Canberra's City Renewal Authority launched its Christmas in the City program this month, promoted as being the "biggest Christmas program ever". An art installation, decorations that include an iconic Gang Gang cockatoo in City Walk, and a performance by the Canberra Symphony Orchestra are all included in the program. Of course, there is also a Christmas tree with a new translucent design and an interactive installation to help create a festive atmosphere.
Organised celebrations of the festive season have been a long tradition in Canberra. Each year the Department of Territory and Municipal Services was heavily involved with the public Christmas celebrations. Prior to self-government, it fell upon City Parks Administration to arrange festive lighting and an annual Christmas tree. This tree was usually sponsored by a business or charitable group.
During the 1960s the Quota Club of Canberra would sponsor a "Giving Tree" in Australia's first shopping mall, the Monaro Mall. An ArchivesACT file titled "66/115F - Forestry - Christmas Trees - Sale of - 1966-1968" documents the Quota Club's annual requests to the Department of the Interior's Forests Section (later Parks, Conservation and Lands) for a tree.
This file begins in 1974 with the National Capital Development Commission constructing a steel-lined hole on Alinga Street (Garema Place) for the erection of a large Christmas tree each year. Since then, there had been regular calls from local shop owners for the planting of a permanent pine tree in Civic. They hoped to reduce the recurring costs of erecting a cut tree each year and minimise Occupational Health & Safety concerns when erecting the tree and spray painting the tree in a pedestrian mall. Temporary trees required two coats of paint to aid in maintaining colour and preventing them from drying out.
In 1966, the cost of trees was 60c, while a fine for illegally removing trees from the forests was $10.
Up until 1980 the government covered all costs associated with erecting the tree in Garema Place. From 1980 onwards, local businesses and community groups have sponsored the tree. The Canberra Times sponsored the 1980 Christmas tree, joined by the Salvation Army and Canberra Scout Association in 1981. The Scouts crewed the tree and accepted gifts and donations on behalf of the Salvation Army. There appears to have been no trees in 1982 and 1983, as the NCDC was not approached to erect one in those years. 2CA sponsored the 1984 tree, with its location moved from Alinga Street to the median strip on Northbourne Avenue to give it a more prominent location. Concerns were raised over the damage to the median strip this tree placement would create. However, the use of a smaller tree sourced from near the Albert Hall alleviated this problem and reduced the estimated cost of $3000 down to $952.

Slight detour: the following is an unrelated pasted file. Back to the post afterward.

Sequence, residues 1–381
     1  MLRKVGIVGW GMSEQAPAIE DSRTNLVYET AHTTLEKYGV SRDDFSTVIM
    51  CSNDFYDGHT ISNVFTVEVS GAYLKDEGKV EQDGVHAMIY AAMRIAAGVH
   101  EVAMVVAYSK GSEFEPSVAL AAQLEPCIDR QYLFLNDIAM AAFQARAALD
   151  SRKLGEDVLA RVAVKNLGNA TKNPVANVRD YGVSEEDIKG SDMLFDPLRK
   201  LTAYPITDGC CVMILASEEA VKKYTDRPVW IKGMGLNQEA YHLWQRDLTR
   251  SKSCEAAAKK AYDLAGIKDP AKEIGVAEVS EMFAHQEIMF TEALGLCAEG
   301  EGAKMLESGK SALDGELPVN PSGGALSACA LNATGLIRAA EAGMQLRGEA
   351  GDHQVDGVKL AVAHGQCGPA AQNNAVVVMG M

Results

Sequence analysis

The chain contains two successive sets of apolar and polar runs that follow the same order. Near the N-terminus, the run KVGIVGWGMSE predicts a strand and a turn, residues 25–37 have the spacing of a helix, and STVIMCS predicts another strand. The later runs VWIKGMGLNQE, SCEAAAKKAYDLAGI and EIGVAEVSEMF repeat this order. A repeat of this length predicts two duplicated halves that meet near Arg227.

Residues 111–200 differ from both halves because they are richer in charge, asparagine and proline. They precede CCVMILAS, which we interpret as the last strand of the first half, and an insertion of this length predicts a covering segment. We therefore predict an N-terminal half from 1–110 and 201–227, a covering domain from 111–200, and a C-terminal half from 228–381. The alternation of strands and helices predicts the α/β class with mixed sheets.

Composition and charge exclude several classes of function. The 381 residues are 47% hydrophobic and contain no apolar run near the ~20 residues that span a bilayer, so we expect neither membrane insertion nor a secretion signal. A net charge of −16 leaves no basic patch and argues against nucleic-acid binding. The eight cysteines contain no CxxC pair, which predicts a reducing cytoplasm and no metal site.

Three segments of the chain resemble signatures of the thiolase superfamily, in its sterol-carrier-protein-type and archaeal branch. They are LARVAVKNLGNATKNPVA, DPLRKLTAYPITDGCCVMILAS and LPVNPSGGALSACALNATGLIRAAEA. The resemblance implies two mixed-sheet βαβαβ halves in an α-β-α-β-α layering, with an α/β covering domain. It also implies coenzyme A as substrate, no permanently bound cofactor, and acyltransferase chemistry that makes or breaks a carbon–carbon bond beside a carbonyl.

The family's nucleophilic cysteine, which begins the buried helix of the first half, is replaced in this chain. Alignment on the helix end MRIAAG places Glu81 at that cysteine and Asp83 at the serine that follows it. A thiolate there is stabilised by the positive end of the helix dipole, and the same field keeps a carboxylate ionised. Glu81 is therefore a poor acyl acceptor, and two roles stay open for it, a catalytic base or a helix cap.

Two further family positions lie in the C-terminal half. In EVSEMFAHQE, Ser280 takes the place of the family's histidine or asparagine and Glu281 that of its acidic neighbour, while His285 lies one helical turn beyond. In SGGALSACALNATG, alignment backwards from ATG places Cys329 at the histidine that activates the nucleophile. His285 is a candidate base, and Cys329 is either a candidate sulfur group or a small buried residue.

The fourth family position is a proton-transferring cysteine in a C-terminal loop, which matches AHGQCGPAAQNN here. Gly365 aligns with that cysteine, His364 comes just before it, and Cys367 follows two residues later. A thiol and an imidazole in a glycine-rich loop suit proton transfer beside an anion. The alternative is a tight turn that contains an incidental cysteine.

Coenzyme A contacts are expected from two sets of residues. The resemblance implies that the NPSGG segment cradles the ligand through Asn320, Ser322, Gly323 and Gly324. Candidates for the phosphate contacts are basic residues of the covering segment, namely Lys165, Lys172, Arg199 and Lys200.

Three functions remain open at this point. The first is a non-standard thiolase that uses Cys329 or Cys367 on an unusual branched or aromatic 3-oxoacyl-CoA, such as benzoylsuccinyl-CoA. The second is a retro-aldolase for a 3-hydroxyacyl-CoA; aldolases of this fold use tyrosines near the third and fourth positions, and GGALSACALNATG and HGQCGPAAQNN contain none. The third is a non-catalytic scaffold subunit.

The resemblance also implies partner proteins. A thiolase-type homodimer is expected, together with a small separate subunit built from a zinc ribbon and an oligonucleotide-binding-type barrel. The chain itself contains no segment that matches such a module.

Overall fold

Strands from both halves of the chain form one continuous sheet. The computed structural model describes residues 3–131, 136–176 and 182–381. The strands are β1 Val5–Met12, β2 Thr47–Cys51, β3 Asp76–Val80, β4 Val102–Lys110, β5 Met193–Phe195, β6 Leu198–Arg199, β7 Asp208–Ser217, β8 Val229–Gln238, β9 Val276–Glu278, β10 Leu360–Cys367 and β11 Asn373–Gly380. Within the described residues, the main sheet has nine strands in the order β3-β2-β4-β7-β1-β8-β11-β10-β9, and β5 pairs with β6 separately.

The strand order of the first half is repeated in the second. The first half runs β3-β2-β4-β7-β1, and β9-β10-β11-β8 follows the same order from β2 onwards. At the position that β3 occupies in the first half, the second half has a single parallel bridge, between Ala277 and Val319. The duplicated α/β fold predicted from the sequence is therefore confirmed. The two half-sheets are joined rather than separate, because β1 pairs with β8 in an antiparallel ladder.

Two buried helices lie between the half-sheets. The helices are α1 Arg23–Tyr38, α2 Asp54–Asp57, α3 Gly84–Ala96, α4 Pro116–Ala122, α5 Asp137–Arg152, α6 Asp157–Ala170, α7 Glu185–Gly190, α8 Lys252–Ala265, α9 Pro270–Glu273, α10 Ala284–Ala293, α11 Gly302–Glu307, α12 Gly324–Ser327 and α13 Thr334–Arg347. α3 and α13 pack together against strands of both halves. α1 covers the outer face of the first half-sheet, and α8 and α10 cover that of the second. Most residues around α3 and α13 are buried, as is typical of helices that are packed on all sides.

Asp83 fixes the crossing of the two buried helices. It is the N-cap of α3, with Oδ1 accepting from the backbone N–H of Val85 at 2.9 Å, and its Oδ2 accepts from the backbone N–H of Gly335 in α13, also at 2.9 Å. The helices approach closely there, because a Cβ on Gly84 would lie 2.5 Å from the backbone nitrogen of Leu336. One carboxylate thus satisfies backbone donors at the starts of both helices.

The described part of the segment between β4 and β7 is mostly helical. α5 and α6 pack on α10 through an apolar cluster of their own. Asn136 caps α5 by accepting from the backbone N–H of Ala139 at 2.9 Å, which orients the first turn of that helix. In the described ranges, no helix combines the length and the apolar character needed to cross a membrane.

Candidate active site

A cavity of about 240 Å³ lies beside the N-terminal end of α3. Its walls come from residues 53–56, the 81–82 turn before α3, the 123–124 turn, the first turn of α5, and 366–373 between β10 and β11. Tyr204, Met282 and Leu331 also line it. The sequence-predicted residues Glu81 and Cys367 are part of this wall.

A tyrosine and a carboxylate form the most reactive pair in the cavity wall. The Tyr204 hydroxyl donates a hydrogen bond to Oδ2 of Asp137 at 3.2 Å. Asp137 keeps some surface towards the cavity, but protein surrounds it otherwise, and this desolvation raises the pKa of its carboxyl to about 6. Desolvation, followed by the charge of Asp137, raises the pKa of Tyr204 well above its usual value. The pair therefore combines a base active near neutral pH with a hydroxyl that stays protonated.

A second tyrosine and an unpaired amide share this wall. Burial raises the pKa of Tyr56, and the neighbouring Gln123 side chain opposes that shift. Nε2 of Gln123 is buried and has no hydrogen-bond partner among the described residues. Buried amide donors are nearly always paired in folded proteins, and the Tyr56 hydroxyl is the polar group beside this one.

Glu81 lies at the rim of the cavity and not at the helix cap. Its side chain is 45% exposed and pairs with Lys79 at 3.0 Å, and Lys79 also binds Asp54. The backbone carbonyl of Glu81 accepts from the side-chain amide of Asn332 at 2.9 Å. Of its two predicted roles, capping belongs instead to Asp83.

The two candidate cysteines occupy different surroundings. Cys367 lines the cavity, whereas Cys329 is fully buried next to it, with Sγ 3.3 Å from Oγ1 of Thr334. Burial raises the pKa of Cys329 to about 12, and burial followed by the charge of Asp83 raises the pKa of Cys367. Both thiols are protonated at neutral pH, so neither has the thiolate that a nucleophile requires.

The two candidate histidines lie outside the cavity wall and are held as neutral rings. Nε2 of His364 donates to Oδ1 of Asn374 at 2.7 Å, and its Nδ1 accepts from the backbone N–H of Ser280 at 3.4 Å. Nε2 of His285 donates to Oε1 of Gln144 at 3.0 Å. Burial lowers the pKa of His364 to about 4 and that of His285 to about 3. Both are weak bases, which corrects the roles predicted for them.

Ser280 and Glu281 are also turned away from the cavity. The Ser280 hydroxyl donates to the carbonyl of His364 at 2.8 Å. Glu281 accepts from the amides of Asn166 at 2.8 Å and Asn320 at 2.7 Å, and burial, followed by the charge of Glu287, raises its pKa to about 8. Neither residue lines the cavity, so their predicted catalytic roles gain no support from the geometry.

One constant feature of Christmas over the years is the sale of Christmas Trees by the Scout Association of Australia. A Forests Branch file contains documents relating to the supply of Christmas trees by the Department of the Interior's Forests Section dating back to 1945. Churches, schools and kindergartens were supplied trees free of charge while the Boy Scouts Association oversaw the sale of the trees to the public. In 1947, a tree cost 2/6 and it was even possible to hire a potted tree at a rate of 5/- per week. With decimal currency arriving in 1966, the cost of trees became 60c, while a fine for illegally removing trees from the forests was $10. The Boy Scouts sold 6454 trees this year. It was also the year that the Girl Guides Association applied to sell Christmas trees. The application was rejected as it was thought that "the handling of bulky Christmas trees would be a more appropriate task for boys than girls".
Other files contain a selection of Christmas cards distributed in the 1980s by the Secretary for the Department of Territories, John Enfield (1983-1987).
In 1984 John Enfield selected a card produced and sold by the National Library of Australia featuring a painting by Joseph Wolinski of the Ainslie Post Office in 1912. This building stood near the present junction of Ainslie and Limestone Avenues and served as Canberra's post office from 1863 to 1913.
For those of us getting ready to set up this year's Christmas tree and decorations, the ACT Consumer Affairs Bureau produced a pamphlet in 1983 to "inform consumers about the safety of their Christmas purchases". Tips included placing trees away from heat sources and not connecting lights to a power source until fully set up.
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